In reality, Boston Dynamics' robots need technology that does not exist. Such technology would allow researchers to handle the diversity and complexity of a robot's environment, further enabling them to respond to the randomness of everyday tasks. The software required to control robots and give them full autonomy is a research problem being worked on by universities and tech firms around the world.
Conflict of interest
Executives at Alphabet Inc -- Google's parent-- are laser-focused on revenue. In fact, the main reason Google is putting Boston Dynamics up for sale is because of revenue -- execs realize that the business unit isn't likely to produce a marketable product in the next few years. No marketable product means nothing to sell, which means no revenue. For a corporation looking to boost its stock value, revenue is crucial. But Boston Dynamics isn't concerned with revenue -- they're concerned with R&D, and ultimately, the future. As such, they're up for sale.
In terms of potential buyers, both Toyota Motor Corp
Speaking of Toyota, a main competitor-- Honda
By 2020, Honda aims to use ASIMO robots at train stations and large commercial facilities as tour guides.
The more this research problem is solved, the closer we approach a future in which humans and superintelligent computers coexist, work together, and maybe even develop relationships. Both Hanson Robotics and Hiroshi Ishiguro Laboratories seek to make this far-fetched future a reality.
In light of these efforts, Dr. David Hanson has developed an android name Sophia. Sophia's skin is made from patented silicone, and she's capable of emulating more than 62 facial expression. She uses a cameras inside her eyes (alongside computer algorithms) for facial recognition. In addition, she can process speech, chat with humans, and actually get smarter over time. The end goal for Dr. Hanson is to develop a robot as conscious, creative, and capable as a human.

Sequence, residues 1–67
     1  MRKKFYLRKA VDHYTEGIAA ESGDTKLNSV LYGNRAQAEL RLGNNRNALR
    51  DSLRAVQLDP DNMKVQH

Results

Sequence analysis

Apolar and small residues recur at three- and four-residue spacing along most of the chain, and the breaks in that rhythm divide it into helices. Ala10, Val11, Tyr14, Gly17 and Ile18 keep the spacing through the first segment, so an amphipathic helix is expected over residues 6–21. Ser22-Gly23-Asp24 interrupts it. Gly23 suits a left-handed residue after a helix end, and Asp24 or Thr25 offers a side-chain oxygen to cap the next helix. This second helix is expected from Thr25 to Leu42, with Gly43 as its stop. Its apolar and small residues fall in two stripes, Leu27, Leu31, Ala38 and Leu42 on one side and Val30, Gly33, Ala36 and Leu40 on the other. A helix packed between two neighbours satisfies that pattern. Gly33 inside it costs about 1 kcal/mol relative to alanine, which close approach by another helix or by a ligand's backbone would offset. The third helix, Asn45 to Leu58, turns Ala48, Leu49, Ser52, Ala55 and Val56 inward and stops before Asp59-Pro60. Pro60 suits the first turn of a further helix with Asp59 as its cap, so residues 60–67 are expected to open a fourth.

If robot development reaches these heights, they'll be of service to health care, therapy, education, and customer service applications. Furthermore, the most human-looking robots will be valuable receptionists, museum tour guides, and language tutors.
Hanson's hope is that by the time he's finished, robots will be indistinguishable from humans, capable of walking, playing, teaching, and forming relationships with humans. Hanson will announce pricing and availability of his humanlike robots later this year.
Meanwhile, Dr. Hiroshi Ishiguro has created a robot named The Geminoid, which dons a plastic skull, metal skeleton, and silicon skin. The Geminoid is controlled by an external computer, but looks like a normal human in remarkable ways. In fact, 80% of the people greeted by the Geminoid thought the android was a real human. Considering the hefty $100,000 price-tag, Dr. Hiroshi doubts the average household will indulge.
Much more accessible, however, are his smaller, cuter robots named CommU. The CommU is a communicative robot that uses voice recognition technology and AI to simulate conversations. They're useful for tutoring and elder care. For instance, in Japan, elder care is in high-demand due to their rapidly aging population. Robotic caregivers keep the elderly occupied, particularly with people who have dementia. In addition, these robots can offer to play games, and even dance with the elderly, which keeps their mind active.
Undoubtedly, humanoid robots are still in their development stage. But perhaps not for long. Based on the progress made by Honda and Boston Dynamics, it looks like 2020 is a realistic time-frame for the deployment of humanoid robots.
NOTE: Currently, Boston Dynamics is still up for sale.